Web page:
Philosophy: the critical study of the basic principles and concepts of a particular branch of knowledge, especially with a view to improving or reconstituting them: the philosophy of science.(Thank you, dictionary.com)
The philosophy I’m going to talk about today is half formed in my mind and it might not get much farther than that throughout the post, but it’s Monday and I’m lazy. As a piano teacher and a musician I’ve been thinking about my philosophy in teaching a lot lately(and by a lot I mean in the shower.) It’s tricky knowing what is important to teach and what can go by the wayside. What will be carried on in their musical studies and what will eventually be worthless.
I teach from Faber and Faber’s Piano Adventures. The reasons for this are threefold.
1. I learned from them(;)) so I’m familiar with all the songs and I don’t humiliate myself too much when I play the teacher duets with the kids. haha
2. The songs are downright fun(as a result of…)
3. They emphasize the universal rules and techniques of music that aren’t tied to one specific instrument.
It’s a fact that every piano teacher has had to or will have to face: Most piano students move on to other instruments once they get older.
As a result I spend less time focusing on piano mechanics and technique and focus more on musical expression and law. I want my students to be able to sightread notes and dynamics and be able to apply it on the first attempt. I want my students to know the mathematics of note values, rest values, time signatures, etc.
When learning the wrist float off, the mechanical action of the wrist is not important. What is important is the feel of the song. The grace of the music affecting the motion of your body. Having a definitive way of communicating that the phrase is done. Hopefully your hand looks like a jellyfish in the process…. but really it’s just the breath between sentences.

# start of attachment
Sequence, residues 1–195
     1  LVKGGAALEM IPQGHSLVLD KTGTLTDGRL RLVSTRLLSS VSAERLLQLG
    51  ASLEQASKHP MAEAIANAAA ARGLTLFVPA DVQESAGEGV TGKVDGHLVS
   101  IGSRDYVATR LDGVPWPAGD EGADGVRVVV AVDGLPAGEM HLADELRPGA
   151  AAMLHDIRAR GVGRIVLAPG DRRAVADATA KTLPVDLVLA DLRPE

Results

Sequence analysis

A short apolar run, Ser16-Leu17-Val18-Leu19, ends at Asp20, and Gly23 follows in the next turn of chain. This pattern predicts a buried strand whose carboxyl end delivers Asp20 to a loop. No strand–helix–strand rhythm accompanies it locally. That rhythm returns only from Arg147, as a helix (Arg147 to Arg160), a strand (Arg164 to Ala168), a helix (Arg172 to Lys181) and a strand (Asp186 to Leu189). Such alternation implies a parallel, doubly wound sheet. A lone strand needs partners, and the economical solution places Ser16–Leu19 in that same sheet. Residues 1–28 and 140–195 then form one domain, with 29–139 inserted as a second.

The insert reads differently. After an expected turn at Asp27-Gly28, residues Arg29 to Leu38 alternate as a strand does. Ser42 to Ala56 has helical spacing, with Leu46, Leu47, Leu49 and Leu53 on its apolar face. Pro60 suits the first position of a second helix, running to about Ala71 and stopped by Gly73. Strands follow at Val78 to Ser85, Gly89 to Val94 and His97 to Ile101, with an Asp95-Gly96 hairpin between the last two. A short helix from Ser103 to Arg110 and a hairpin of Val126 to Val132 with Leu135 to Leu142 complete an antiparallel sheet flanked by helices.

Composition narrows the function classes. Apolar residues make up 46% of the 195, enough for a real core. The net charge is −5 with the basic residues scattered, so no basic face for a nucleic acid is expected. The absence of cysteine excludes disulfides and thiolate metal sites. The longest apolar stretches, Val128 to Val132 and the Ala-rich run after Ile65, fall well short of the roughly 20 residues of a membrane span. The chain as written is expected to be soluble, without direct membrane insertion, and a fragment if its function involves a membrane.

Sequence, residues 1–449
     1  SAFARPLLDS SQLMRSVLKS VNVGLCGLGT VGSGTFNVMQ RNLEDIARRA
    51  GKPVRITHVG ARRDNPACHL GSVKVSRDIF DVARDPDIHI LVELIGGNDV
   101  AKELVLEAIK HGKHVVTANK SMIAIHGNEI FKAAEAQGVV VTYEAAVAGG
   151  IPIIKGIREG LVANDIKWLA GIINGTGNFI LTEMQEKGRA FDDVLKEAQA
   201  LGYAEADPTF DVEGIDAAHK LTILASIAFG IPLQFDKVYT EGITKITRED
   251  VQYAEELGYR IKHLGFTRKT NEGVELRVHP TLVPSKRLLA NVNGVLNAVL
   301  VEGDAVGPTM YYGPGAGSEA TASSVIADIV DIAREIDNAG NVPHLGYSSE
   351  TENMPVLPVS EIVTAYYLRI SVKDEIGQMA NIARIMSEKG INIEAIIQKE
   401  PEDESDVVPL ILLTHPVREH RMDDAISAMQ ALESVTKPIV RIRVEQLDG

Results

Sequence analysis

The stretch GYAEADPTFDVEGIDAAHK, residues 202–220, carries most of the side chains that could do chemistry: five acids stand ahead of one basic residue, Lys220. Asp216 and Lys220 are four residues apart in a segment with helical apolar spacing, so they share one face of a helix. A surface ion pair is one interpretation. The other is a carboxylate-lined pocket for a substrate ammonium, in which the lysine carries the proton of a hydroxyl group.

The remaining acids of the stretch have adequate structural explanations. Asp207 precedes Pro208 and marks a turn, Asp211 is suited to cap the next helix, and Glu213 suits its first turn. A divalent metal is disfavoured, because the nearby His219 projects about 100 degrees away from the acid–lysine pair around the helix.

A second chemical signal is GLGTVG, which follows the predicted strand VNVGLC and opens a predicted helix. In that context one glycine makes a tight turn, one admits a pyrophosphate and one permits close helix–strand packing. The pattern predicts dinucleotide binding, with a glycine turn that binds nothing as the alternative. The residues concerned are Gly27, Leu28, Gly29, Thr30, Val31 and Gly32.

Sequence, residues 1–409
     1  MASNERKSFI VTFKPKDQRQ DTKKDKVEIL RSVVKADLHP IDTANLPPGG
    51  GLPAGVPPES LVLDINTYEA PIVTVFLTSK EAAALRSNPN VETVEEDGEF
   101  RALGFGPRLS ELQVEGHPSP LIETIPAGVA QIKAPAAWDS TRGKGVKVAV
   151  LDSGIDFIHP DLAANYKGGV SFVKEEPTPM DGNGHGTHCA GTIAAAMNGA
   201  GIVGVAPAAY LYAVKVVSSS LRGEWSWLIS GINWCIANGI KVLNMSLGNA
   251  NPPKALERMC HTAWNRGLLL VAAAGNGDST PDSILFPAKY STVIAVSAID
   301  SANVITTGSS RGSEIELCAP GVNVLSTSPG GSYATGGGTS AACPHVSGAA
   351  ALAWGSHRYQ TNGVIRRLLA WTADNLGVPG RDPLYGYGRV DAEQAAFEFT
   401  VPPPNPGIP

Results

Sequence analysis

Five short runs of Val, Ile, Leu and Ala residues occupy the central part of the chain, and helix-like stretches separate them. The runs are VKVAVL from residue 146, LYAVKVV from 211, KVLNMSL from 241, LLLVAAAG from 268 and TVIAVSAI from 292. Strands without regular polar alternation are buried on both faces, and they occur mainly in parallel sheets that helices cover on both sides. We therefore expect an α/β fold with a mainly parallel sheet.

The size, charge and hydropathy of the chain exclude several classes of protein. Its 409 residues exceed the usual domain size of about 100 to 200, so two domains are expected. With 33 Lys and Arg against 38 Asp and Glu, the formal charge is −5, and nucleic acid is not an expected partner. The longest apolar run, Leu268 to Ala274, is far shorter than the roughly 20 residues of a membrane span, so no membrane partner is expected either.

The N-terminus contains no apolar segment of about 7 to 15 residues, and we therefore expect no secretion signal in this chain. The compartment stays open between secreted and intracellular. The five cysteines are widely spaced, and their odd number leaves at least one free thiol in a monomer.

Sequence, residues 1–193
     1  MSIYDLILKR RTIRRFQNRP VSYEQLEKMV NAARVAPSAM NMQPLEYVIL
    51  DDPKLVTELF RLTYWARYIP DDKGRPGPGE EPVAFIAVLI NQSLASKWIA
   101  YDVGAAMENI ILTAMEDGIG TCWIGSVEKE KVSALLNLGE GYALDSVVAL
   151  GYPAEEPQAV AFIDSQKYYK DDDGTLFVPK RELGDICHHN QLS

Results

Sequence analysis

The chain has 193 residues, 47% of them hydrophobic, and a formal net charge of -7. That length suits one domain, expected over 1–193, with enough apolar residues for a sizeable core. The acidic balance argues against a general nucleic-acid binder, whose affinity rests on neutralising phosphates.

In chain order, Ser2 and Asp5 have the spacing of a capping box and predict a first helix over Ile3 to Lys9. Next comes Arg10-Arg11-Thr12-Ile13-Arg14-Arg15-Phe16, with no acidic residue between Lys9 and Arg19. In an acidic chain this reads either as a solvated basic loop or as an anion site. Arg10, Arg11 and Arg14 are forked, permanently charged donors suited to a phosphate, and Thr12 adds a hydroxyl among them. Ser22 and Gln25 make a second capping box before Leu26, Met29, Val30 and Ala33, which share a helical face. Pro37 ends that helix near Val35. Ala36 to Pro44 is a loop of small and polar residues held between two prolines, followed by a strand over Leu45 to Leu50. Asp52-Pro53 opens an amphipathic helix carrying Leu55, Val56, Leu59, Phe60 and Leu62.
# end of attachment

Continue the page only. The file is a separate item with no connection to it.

Anyways. My end goal is that if/when my students leave my studio in pursuit of other, more illustrious instruments, they will have a base that will make the transition easy.
The true beauty of learning an instrument is the discipline you learn. You practice every day. You work a piece up for the scrutiny of all when you have recitals. You get in the habit of processing a lot of information in the space of a second. You learn to take criticism and pick yourself up and make yourself better because of it(Something you don’t learn in a large classroom.) Not to mention hand-eye coordination. These skills aren’t specific to music. You can take these skills into your life and apply them in every kind of situation. Send your kids to learn an instrument! (Start rant)And if the teacher you pick doesn’t spend any time on theory, you’re wasting your time and money!(End rant)
I shall end my post with some Jane Austen.
So! I shall end an old maid and teach your ten children to play their instruments and embroider cushions very ill!(Rebekah)